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The underlying principle of Minimalism is that stuff does not equal happiness. As a matter of fact, you may be trading a great deal of happiness to own all that stuff in the currency of time spent to organize and maintain it, as well as actual money spent doing the same. So, only keep the things that "spark joy".
I started following minimalism in late 2017. I went all in. From reading posts on r/Minimalism day and night, although not contributing much because I knew nothing to watching and listening other minimalists on youtube and podcasts especially Matt D'Avella and The minimalists. I started using minimalism techniques like going through 90 days of minimalism which soon enough became an essential part of my method of doing detox. Here I've talked about how I go through dopamine detox konmari style. Eventually I became more aware about my usage of everything whether it was my wardrobe, my gadgets, apps or skin-hair care products. I was surprised that it was actually reducing my stress. Take a moment to just imagine your daily routine; what are the few things that you think about everyday which aren't really benefiting you in any way but you've to make decisions about, every day. Deciding what clothes to wear, and selecting and stressing about all the clothes that you own isn't helping you in anything, maybe IF you're good at styling then a fake elevation in public perception is what you're getting. I used "fake" because if other aspects of your life are in a mess and people think highly of you, well, then it is a fake perception. Anyway, even taking care of your car, watering all the dozens of plants that you have or otherwise they would die, can be extremely stressful collectively. Individually, they might seem like a small decision that you've to make every day but little by little that is causing you to have decision fatigue about which I'll talk about in a blog post later. But eliminating all of that stressful decision making feels liberating and immensely reduces the stress throughout the day.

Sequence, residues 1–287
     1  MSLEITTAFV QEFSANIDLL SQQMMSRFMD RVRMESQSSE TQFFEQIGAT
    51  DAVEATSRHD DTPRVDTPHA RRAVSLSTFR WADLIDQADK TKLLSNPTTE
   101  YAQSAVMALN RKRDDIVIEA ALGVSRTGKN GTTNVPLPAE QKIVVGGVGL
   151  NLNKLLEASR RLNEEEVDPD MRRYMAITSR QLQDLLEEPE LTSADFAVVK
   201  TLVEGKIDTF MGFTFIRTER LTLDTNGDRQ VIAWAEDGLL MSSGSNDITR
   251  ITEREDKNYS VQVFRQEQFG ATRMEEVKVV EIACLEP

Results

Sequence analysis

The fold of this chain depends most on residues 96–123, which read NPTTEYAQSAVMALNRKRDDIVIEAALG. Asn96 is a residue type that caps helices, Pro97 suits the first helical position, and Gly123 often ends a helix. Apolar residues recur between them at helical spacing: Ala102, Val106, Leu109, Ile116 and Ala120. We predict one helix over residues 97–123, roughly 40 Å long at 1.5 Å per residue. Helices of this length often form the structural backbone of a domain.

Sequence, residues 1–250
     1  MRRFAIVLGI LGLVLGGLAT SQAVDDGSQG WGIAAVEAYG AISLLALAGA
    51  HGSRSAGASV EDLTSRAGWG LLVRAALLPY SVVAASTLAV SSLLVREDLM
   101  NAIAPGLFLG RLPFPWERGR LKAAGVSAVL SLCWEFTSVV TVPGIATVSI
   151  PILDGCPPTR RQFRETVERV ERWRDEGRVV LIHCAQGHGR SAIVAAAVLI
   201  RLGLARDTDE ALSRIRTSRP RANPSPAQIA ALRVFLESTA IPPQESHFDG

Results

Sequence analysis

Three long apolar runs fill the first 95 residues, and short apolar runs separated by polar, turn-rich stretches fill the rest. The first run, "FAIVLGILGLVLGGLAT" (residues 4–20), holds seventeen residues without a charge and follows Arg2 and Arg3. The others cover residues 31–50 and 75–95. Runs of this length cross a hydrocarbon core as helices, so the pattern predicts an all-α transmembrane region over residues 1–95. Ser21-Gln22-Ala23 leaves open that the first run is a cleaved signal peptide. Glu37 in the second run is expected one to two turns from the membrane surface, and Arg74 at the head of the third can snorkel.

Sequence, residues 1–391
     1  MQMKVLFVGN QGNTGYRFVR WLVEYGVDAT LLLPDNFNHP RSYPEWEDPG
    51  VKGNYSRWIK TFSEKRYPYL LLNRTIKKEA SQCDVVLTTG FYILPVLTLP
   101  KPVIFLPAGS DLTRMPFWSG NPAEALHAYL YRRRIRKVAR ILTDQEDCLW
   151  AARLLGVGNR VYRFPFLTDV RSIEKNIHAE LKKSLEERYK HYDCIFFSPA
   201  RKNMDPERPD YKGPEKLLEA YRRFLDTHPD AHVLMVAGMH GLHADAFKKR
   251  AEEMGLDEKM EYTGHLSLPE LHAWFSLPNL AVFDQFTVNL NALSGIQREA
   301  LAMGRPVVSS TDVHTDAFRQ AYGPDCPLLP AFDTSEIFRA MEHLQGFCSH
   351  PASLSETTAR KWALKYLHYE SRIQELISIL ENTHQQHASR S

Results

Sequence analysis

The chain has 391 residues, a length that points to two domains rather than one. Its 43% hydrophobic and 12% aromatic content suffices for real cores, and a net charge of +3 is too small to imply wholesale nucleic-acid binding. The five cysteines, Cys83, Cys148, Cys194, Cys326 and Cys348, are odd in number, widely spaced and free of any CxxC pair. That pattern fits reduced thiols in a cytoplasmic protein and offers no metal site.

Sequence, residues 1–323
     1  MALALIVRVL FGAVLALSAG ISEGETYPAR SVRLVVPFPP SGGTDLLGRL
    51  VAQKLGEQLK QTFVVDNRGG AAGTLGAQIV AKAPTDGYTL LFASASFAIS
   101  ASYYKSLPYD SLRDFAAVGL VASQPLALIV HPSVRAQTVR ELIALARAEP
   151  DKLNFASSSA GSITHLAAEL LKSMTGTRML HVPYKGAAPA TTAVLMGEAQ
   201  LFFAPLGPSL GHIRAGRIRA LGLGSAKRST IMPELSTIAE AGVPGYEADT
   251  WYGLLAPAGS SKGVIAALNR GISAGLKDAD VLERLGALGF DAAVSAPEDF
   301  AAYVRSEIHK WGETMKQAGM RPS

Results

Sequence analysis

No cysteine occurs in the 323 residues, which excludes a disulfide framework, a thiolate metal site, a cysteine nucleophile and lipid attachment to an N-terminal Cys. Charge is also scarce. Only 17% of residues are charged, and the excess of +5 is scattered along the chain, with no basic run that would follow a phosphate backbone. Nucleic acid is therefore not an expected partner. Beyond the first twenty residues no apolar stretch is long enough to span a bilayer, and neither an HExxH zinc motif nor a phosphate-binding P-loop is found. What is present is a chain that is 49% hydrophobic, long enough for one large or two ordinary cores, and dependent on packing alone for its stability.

"So, if it is so helpful at reducing your stress, then how can it be toxic for your mind?", you might be wondering.
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How can Minimalism become toxic for your mind?
Well, humans were hunter gatherers and being able to find fruit used to make our ancestors as happy as you would get if you end up finding latest iPhone lying on the street. Well, I shouldn't talk about iPhone while talking about minimalism. Haha! But why was that fruit such a source of happiness? Survival. Sugar is rich in carbohydrates which is a huge energy store. Today, we do get happy when we have a cake but these sugary food products of modern day are overloaded with sugar which don't need in such high dosage and what are they? Let me answer, "Toxic for you". Excess of anything is toxic.
While talking about minimalism, everyone talks about reducing items that you own because they add stress in your life but very few people even mention that after few days or a couple of weeks you need to stop thinking about it a lot because that is adding stress too. After 8 days, 8 weeks or 8 months of consuming content related to Minimalism , if you're still constantly consuming it then you're having insecurities about "your minimalism". Stop looking for another "One Tip" about how to be a more minimalist person or worrying about "Am I doing minimalism correctly?".
And that might be applied to him which is recorded of Socrates, that he was able both to abstain from, and to enjoy, those things which many are too weak to abstain from, and cannot enjoy without excess. But to be strong enough both to bear the one and to be sober in the other is the mark of a man who has a perfect and invincible soul, such as he showed in the illness of Maximus. - Marcus Aurelius
If you NEED 14 underwears, don't buy 4 because some guy on reddit does that, maybe he does laundry every other day or maybe he's a filthy person. No, Mr. Reddit Guy, you're not. He is. Anyway, your questions regarding whether you should this or that from other random people who are facing the same problem as you, shows that you're looking for validation from other "Minimalists". There is nothing standardised about Minimalism.
I believe once you've incorporated the basics of Minimalism in your life, you should do with "minimalism related content" whatever you did with your physical items.
That's it for this blogpost and if you feel that you've something to add to this or you've a different perspective then share it and discuss it on r/StoicHuman or go to the reddit discussion post for this blog post linked down below.
Stay healthy, Stay safe.
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